THE BLOG
10/31/2011 08:11 am ET Updated Dec 31, 2011

The Waiting Game

We are all born impatient. From our very first moments of existence we cry and beg for the things we want, and even after we grow out of such childish restlessness, we remain permanently agitated with the idea of waiting.

I don't know why we're born this way. I just know that I was and you were, too. We wait in anguish for the release of Apple's newest invention. We wait for our teachers to upload our latest test grade to PowerSchool. We wait for the first snow day of the school year. We wait for the announcement about homecoming king and queen. We wait for the sounds of our parents yelling "Dinner's ready!" We wait for absolutely everything, even if we're only waiting for one second. But one agonizing second it always is.

I could fill this page with information about the iPhone, explaining that I need one because my Blackberry is so broken that it will likely combust as I type these words. If I went that route, I'd describe how long it takes for the phone to ship and how much I don't want to wait for it to arrive. If I had sat down in front of my computer to write this yesterday, maybe I would have.

But today I submitted my early decision application and, despite how much I want an iPhone, I couldn't care less about how long I'll have to wait for it to deliver if I ever do order one. If or when I get the iPhone won't change my life. Neither will a single test grade. Nor will tonight's dinner.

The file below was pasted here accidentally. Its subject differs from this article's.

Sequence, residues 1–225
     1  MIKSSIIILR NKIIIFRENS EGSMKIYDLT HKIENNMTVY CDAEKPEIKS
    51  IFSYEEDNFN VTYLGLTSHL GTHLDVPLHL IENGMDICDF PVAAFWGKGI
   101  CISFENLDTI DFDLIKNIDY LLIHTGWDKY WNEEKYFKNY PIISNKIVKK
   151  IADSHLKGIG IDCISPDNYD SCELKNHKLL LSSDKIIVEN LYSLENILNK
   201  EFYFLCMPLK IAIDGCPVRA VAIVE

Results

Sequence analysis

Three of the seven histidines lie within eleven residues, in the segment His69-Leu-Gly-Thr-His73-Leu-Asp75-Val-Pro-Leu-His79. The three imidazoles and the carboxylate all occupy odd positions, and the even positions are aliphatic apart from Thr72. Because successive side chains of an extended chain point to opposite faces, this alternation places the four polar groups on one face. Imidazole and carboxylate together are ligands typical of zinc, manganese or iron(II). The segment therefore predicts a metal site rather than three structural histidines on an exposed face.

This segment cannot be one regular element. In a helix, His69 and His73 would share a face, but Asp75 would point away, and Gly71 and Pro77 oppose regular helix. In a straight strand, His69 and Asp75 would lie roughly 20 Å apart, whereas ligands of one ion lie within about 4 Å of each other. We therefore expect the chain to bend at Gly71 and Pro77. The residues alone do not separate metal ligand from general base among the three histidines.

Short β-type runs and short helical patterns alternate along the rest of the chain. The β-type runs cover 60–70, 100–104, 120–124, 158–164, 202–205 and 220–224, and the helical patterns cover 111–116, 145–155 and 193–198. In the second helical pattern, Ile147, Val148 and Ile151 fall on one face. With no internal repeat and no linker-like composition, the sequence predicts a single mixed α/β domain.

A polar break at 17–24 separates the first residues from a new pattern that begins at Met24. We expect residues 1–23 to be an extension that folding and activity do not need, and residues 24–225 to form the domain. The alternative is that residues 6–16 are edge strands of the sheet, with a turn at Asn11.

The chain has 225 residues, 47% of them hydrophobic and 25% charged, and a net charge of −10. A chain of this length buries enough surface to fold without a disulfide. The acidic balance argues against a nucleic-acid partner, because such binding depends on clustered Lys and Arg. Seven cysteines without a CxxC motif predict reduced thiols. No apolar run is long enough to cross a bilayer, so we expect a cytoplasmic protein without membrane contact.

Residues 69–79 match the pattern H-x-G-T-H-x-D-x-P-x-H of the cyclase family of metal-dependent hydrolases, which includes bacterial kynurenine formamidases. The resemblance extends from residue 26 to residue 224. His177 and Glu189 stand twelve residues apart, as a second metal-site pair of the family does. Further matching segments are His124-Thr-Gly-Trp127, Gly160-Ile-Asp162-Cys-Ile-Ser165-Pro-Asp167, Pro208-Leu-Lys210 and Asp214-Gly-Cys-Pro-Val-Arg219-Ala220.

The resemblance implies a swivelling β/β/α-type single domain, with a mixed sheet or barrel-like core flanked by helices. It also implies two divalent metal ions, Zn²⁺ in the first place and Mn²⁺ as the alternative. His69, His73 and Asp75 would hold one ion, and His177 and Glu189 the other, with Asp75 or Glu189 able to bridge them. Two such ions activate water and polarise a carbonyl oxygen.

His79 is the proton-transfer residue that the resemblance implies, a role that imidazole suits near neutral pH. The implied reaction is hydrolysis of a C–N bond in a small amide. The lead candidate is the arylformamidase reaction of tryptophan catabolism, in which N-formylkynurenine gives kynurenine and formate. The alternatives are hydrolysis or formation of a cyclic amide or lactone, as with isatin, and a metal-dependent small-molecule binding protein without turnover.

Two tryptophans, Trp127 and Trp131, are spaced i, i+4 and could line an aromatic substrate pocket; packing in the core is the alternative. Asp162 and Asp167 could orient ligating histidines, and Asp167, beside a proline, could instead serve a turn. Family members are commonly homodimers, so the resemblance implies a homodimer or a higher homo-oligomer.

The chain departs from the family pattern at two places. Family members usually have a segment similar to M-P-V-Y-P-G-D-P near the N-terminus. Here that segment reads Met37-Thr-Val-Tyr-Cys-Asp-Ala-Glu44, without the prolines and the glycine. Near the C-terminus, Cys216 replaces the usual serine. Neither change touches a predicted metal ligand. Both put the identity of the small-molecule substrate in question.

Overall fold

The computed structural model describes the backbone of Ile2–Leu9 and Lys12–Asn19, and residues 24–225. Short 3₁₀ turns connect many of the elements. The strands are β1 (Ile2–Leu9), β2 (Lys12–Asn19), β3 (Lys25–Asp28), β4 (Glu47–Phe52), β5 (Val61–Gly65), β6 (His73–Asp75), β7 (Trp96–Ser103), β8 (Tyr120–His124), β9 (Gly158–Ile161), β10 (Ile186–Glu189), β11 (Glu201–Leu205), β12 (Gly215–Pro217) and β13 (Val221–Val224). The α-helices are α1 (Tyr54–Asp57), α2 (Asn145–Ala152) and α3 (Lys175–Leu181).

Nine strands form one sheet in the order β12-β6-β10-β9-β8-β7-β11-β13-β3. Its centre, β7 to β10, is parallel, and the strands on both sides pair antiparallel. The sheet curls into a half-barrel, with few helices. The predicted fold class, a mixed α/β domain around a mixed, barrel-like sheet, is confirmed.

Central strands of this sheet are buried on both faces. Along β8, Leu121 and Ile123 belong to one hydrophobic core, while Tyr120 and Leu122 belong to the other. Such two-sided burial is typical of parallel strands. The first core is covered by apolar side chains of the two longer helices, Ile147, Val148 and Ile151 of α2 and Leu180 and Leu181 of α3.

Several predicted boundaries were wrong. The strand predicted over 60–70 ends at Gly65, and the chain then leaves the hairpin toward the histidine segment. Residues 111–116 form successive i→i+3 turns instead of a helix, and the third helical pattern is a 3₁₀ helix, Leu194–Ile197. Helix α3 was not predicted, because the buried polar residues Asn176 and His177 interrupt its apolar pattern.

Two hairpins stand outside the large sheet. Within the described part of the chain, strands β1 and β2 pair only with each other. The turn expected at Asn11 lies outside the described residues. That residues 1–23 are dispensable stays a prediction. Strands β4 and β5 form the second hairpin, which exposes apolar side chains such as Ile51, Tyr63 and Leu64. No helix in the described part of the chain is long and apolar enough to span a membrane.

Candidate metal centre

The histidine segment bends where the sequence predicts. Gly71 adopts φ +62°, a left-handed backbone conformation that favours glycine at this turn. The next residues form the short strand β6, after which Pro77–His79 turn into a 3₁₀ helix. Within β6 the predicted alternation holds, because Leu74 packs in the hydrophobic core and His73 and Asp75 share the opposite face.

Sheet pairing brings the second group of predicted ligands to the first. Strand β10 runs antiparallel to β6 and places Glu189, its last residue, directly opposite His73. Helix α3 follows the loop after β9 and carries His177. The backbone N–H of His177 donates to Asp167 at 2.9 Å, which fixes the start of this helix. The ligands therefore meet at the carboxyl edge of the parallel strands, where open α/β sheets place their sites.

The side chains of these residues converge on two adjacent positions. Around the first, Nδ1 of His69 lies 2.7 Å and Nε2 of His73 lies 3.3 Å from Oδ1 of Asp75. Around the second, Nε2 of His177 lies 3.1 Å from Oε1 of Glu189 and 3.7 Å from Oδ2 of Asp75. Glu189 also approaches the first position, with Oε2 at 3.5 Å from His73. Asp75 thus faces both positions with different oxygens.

What will change my life should arrive in the mail on or before December 14th. I can wait for the iPhone. I can wait to hear about the seniors crowned homecoming king and queen. I can wait for the things that won't matter as I put my clothes in the closet of my dorm room. I can wait for the things I will have forgotten about as I move the tassel across my graduation cap with the rest of the class of 2016. I can wait for these things because they just don't seem to matter anymore.

Until I'm accepted or denied I will wait. I don't know if I'm capable of waiting for anything else but the college's response. I don't know how my impatience changes when I'm waiting for something so important, so benign or detrimental, depending. I'm pretty sure I don't know anything anymore.
I guess I'll have to just wait and see what happens.